single most important faux painting technique is glazing. When
glaze is applied over a base coat it will add depth and radiance,
changing the base color without obscuring it.
one to four different glazes may be applied to a wall in varying
colors or tones depending on the intended results. Once that layer
is dry it is possible to apply another layer of glaze. For example,
you could add a patina of age by darkening the edges of a wall
for a very dramatic effect.
what role does glazing play in interior design? All rooms are
an interplay of shapes, colors, light, texture and patterns. The
most effective interiors are ones in which these elements don’t
compete strongly with each other for your attention, but rather
exist in a hierarchy from dominate to subtle. The architecture
of the room is usually the most dominant and forms a geometric
pattern. It could be from a repeat pattern of windows or a coffered
Next are probably the fabrics, both their colors and patterns.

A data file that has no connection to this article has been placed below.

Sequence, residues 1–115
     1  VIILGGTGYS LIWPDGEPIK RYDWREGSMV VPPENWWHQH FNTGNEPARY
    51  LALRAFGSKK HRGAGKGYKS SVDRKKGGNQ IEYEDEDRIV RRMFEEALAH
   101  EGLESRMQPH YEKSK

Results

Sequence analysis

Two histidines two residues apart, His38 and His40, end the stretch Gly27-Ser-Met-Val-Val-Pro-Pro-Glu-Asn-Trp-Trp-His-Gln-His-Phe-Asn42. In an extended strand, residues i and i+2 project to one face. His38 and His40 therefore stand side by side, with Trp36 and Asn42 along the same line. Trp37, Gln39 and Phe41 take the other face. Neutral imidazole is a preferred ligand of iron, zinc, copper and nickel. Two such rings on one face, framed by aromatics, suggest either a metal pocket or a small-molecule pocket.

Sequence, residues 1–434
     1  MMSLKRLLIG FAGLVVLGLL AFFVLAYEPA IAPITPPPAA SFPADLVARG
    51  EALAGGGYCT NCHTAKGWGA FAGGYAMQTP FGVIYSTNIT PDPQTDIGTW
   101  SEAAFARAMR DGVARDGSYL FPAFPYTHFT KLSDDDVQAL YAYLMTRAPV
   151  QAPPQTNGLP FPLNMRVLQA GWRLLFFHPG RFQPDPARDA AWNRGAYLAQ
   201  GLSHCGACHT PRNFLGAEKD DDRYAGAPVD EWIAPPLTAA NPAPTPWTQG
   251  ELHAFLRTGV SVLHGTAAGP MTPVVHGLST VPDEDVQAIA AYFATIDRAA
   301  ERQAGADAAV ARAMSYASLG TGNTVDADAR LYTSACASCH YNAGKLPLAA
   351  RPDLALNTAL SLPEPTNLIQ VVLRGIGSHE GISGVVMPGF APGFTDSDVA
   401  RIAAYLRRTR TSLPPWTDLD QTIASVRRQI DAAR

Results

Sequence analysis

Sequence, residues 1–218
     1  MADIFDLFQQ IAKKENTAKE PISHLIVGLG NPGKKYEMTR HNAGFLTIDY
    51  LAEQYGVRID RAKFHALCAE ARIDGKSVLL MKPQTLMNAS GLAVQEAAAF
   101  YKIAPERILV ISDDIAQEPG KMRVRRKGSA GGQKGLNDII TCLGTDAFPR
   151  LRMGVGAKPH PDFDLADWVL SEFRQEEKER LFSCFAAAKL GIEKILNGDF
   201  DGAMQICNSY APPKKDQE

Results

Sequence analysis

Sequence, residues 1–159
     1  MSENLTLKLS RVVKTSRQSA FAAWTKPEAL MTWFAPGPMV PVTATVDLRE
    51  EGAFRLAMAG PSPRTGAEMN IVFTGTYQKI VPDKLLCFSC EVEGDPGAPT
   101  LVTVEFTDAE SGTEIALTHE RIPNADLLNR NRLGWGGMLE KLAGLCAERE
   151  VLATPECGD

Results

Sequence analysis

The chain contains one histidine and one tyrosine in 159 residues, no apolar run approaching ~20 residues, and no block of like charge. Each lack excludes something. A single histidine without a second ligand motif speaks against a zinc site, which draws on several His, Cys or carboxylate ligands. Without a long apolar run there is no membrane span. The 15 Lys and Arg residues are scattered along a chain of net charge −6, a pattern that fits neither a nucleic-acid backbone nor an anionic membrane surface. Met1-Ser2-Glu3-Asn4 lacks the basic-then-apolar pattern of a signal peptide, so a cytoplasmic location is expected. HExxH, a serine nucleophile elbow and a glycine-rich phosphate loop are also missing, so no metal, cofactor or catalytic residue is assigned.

Finally, wall finishes and seemingly solid color surfaces such
as tile or carpeting. (Tip: Try squinting your eyes when analyzing
a room to reduce the detail and see what patterns appear.)
can add depth and/or subtle tones of color to walls. The variations
in the glaze treatment can range from the softness of a parchment
to the boldness of ragging. Or a more formal effect can be achieved
with vertical stripping or strié. (Strié is a technique
where the glaze is rolled on the wall and a brush is drawn through
it from top to bottom creating thin vertical lines.)
a stencil a repeat pattern may be hand stenciled over an entire
wall using glaze. The end result will be much like a wall paper
pattern but without the seams and it will have the variation inherent
in any hand done process. The pattern may also intentionally fade
in and out.